What is a clinical trial?

Clinical trials are studies to investigate new treatments, tests or ways of caring for patients.
The aim of a clinical trial could be to:
  • increase survival rates for a life threatening illness or condition
  • improve the quality of life of people with a long term illness
  • mitigate the unpleasant side effects of a treatments like chemotherapy
  • prevent illness and improve public health

In the context of cancer, this could mean investigating:

  • new ways of detecting cancer early
  • a completely new treatment eg a new drug
  • giving existing treatments in a new combination
  • giving an existing treatment in a new way
  • better ways of controlling cancer symptoms or the side effects of treatment
  • how genes affect cancer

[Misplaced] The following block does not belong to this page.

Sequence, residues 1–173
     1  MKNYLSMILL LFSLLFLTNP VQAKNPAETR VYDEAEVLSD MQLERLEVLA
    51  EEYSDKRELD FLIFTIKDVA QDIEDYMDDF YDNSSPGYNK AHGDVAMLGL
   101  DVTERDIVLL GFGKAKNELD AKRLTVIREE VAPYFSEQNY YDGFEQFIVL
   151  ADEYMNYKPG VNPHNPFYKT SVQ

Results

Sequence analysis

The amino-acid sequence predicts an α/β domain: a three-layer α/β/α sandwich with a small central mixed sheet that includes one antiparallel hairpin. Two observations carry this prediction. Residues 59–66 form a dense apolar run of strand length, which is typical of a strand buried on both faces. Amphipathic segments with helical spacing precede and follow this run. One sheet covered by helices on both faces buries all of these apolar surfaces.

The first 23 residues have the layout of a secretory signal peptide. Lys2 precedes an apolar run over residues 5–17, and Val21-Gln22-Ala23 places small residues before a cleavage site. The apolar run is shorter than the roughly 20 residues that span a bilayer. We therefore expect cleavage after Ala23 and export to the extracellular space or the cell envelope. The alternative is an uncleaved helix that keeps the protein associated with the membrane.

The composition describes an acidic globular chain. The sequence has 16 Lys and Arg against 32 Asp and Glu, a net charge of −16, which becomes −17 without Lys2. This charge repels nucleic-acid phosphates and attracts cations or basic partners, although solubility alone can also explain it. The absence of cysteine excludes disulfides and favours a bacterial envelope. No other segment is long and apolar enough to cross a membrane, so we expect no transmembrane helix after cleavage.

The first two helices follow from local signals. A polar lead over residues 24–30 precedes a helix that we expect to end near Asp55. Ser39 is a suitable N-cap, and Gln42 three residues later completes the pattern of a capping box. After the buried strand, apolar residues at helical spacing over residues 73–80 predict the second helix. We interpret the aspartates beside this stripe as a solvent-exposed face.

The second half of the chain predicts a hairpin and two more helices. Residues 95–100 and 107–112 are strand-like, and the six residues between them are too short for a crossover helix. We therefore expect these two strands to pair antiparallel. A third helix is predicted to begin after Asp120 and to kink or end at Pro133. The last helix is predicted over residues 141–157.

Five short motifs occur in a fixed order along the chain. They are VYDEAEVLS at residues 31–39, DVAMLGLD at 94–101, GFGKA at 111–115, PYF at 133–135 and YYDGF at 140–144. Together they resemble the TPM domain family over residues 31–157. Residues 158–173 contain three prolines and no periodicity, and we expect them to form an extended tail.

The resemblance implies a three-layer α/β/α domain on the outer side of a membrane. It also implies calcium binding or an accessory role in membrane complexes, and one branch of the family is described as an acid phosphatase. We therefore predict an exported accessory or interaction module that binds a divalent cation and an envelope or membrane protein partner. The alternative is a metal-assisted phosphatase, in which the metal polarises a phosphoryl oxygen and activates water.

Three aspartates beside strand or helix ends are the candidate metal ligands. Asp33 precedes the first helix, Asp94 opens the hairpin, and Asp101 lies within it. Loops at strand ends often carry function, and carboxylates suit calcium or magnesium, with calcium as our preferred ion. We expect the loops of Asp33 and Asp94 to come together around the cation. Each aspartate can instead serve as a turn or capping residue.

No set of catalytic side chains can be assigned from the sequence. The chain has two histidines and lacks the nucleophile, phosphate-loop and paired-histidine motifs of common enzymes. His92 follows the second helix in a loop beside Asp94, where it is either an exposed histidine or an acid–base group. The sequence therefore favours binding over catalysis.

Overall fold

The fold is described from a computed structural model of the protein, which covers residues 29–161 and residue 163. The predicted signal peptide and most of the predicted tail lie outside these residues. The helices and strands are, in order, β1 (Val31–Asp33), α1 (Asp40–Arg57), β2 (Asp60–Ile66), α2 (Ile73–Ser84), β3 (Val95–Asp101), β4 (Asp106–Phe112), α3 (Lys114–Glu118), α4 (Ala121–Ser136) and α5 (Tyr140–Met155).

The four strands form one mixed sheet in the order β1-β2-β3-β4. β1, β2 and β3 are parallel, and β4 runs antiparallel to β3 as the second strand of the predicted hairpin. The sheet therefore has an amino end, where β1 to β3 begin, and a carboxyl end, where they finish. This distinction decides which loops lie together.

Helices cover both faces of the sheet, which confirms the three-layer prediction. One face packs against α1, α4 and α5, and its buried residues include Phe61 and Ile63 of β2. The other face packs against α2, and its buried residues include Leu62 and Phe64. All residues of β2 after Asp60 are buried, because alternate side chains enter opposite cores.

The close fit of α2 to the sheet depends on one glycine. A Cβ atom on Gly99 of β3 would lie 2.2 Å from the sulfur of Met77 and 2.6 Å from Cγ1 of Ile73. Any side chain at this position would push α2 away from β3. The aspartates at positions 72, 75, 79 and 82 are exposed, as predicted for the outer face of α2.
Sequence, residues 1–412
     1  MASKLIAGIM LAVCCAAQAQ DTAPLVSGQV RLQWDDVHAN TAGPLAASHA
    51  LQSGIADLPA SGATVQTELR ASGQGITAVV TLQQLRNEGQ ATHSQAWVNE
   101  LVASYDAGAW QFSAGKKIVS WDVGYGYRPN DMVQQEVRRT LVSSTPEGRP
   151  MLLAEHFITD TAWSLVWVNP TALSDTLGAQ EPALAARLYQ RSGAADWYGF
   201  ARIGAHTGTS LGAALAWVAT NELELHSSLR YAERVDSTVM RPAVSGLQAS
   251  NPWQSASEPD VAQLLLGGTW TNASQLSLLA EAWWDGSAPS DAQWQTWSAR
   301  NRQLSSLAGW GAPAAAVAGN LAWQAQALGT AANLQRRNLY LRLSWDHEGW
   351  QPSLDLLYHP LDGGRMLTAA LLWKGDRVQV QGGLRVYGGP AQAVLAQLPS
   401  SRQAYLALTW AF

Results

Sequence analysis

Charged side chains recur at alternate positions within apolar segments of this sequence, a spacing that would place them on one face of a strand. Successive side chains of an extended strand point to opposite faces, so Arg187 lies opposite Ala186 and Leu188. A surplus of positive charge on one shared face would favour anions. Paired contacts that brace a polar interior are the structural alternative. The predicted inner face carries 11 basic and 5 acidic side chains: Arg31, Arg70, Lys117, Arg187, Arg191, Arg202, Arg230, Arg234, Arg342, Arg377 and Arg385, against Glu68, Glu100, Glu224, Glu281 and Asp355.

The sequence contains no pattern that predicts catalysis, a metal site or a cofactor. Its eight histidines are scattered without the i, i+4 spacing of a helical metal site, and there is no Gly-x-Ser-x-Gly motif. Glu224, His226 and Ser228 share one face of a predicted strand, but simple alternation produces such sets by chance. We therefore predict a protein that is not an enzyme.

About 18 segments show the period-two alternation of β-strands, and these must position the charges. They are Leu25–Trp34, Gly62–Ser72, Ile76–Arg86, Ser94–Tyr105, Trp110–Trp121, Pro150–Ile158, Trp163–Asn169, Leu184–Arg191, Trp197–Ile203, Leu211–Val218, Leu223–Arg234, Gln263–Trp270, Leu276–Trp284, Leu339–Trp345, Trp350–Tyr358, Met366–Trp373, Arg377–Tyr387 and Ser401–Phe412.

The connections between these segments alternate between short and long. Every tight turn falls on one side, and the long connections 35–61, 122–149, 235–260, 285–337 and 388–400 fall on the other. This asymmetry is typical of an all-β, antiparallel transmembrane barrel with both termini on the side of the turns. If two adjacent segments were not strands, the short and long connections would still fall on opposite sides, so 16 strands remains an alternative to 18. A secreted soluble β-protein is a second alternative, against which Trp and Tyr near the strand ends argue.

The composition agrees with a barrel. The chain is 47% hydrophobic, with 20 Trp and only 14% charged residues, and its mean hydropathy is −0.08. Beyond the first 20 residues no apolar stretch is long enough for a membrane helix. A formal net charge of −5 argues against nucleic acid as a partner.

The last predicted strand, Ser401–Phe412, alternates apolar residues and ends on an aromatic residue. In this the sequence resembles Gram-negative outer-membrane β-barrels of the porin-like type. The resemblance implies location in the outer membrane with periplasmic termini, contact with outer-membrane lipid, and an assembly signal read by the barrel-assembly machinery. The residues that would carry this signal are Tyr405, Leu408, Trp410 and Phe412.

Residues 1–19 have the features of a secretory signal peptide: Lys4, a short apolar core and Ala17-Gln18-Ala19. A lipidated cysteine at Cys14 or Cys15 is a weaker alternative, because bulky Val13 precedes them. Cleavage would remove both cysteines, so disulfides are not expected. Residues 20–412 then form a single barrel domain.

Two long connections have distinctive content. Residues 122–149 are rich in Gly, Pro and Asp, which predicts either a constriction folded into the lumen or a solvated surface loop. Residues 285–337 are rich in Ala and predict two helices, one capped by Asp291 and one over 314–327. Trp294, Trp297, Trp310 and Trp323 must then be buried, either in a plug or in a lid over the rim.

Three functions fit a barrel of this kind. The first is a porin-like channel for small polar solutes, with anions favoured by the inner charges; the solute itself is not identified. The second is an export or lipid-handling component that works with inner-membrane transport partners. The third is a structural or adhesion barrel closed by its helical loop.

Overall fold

• how to prevent cancer

Some trials use healthy people. Others involve patients who take part in a trial as part of their treatment. All trials are controlled by strict legal and ethical rules and are carefully monitored. 

Because the CCTC links Addenbrooke's with Cambridge University and Cancer Research UK, we are able to offer many of our cancer patients the opportunity to take part in trials.
For more information about clinical trials in this region please download the Clinical Trials and Research across the Anglia Region leaflet.

The Cambridge University Department of Oncology Clinical Trials in Oncology webpages have more information about the different types of clinical trials.

The CancerHelp UK webpages have clear, easy to understand information explaining the different phases of clinical trials and how they are designed.